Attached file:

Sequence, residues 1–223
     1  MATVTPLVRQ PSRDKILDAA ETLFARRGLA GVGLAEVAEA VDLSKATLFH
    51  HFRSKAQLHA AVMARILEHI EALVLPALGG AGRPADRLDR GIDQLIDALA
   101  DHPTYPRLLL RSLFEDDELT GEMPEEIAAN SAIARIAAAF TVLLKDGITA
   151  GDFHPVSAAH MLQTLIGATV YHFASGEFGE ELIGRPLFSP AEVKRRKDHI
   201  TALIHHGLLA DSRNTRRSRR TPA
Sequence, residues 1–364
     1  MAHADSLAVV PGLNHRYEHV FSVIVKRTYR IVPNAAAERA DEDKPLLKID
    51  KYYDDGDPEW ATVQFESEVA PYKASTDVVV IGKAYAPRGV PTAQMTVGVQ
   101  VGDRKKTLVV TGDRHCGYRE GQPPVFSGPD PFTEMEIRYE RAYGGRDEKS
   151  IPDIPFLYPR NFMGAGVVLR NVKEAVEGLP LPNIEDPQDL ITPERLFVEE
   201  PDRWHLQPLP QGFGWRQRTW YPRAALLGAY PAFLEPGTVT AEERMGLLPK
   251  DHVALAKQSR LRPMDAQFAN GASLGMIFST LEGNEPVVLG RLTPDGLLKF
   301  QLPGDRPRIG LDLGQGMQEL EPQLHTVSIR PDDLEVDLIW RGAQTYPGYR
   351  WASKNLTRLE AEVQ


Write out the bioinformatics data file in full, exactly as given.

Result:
Sequence, residues 1–223
     1  MATVTPLVRQ PSRDKILDAA ETLFARRGLA GVGLAEVAEA VDLSKATLFH
    51  HFRSKAQLHA AVMARILEHI EALVLPALGG AGRPADRLDR GIDQLIDALA
   101  DHPTYPRLLL RSLFEDDELT GEMPEEIAAN SAIARIAAAF TVLLKDGITA
   151  GDFHPVSAAH MLQTLIGATV YHFASGEFGE ELIGRPLFSP AEVKRRKDHI
   201  TALIHHGLLA DSRNTRRSRR TPA
Sequence, residues 1–364
     1  MAHADSLAVV PGLNHRYEHV FSVIVKRTYR IVPNAAAERA DEDKPLLKID
    51  KYYDDGDPEW ATVQFESEVA PYKASTDVVV IGKAYAPRGV PTAQMTVGVQ
   101  VGDRKKTLVV TGDRHCGYRE GQPPVFSGPD PFTEMEIRYE RAYGGRDEKS
   151  IPDIPFLYPR NFMGAGVVLR NVKEAVEGLP LPNIEDPQDL ITPERLFVEE
   201  PDRWHLQPLP QGFGWRQRTW YPRAALLGAY PAFLEPGTVT AEERMGLLPK
   251  DHVALAKQSR LRPMDAQFAN GASLGMIFST LEGNEPVVLG RLTPDGLLKF
   301  QLPGDRPRIG LDLGQGMQEL EPQLHTVSIR PDDLEVDLIW RGAQTYPGYR
   351  WASKNLTRLE AEVQ